Few Defense IT acquisitions in recent memory have generated as much industry and public attention as the cloud computing project that’s come to be known as JEDI (Joint Enterprise Defense Infrastructure). Late last week, in one of only a handful of instances of public disclosure about the initiative to date, DoD acknowledged some of the questions that surround it, but didn’t do a lot to answer them.
For instance, what sorts of organizations has the Cloud Executive Steering Group that’s spearheading the project been meeting with? “Numerous” ones, according to the eight-item “Frequently Asked Questions” list DoD issued last week.
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What has the CESG determined as part of its mandate from Deputy Defense Secretary Patrick Shanahan to examine the military’s existing cloud efforts and make recommendations? It’s too early to say.
How large will the JEDI contract be, and how many years will it cover? Again, TBD.
Perhaps most significantly, the department declined to add any detail around one of industry’s biggest concerns about the project: whether the new cloud contract will create a vehicle for multiple companies to handle DoD’s cloud needs, or whether it will wind up as a winner-take-all arrangement awarded to Amazon, Microsoft or another large vendor.
“The CESG is still assessing relevant data in an effort to determine final acquisition strategies,” Defense officials wrote, adding that they would lay out more details on those strategies at a previously-announced industry day on March 7.
The department acknowledged the authenticity of a November 2017 information sheet, first publicly reported by NextGov, which said that the JEDI contract would be a single-award contract. But, without elaborating, officials quibbled with anyone who would interpret that document to conclude the award would be made without a meaningful competition: it will be full and open, they insisted.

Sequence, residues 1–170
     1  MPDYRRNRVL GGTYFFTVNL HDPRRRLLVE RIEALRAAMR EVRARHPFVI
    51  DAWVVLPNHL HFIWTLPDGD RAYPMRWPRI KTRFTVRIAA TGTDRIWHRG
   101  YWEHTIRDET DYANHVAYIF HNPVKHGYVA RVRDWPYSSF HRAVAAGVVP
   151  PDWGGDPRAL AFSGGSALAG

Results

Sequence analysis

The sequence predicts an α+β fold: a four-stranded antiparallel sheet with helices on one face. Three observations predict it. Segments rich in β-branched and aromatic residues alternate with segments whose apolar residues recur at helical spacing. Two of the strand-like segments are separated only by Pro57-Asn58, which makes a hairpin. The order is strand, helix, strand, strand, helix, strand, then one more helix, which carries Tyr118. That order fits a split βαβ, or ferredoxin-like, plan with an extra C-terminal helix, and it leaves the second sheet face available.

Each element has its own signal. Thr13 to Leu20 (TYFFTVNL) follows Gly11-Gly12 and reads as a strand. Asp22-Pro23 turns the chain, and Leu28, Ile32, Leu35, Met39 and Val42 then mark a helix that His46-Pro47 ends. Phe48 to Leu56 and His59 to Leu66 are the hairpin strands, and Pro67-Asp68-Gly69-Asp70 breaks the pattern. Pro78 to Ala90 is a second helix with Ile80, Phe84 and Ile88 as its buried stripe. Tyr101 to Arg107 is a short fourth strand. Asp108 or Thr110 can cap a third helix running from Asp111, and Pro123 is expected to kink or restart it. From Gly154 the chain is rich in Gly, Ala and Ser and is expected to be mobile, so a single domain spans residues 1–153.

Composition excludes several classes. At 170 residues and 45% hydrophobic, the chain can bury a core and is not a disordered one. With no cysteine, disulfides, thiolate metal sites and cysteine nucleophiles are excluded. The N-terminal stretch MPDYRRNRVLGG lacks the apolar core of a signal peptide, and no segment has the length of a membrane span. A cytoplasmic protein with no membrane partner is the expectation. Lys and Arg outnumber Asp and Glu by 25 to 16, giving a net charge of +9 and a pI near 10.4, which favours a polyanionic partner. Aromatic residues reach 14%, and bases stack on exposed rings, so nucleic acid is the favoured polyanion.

The referenced JEDI document does not mention sole source award; it mentions a single award. This is one of many draft documents used to spark discussion and debate in an effort to determine the acquisition strategy that will best meet the Department’s requirements. Most importantly the CESG is still in the analysis and fact finding phase of this process to determine how many contracts will best meet DoD’s needs.
However, the FAQ did provide a few glimmers of insight into the CESG’s thinking.
For instance, whatever form the JEDI contract takes is meant to be “additive” to the cloud migration activities DoD and its components already have underway. While the department plans to make it available to any military service or agency who wants to use it, it will not supplant or preempt anything those components are already doing.
Those statements are likely to provide some degree of relief to IT officials within the military services. Multiple government and industry sources told Federal News Radio that while the CESG has been asking a lot of questions about the cloud projects DoD already has underway, it has told them very little about its own intentions or how the JEDI project might affect their existing cloud efforts.
And 2018 happens to be a year in which there’s already a fair amount of cloud activity throughout the department, separate and apart from the JEDI project (although officials in the military services also acknowledge the deputy secretary’s direct interest in cloud has helped kick those efforts into high gear).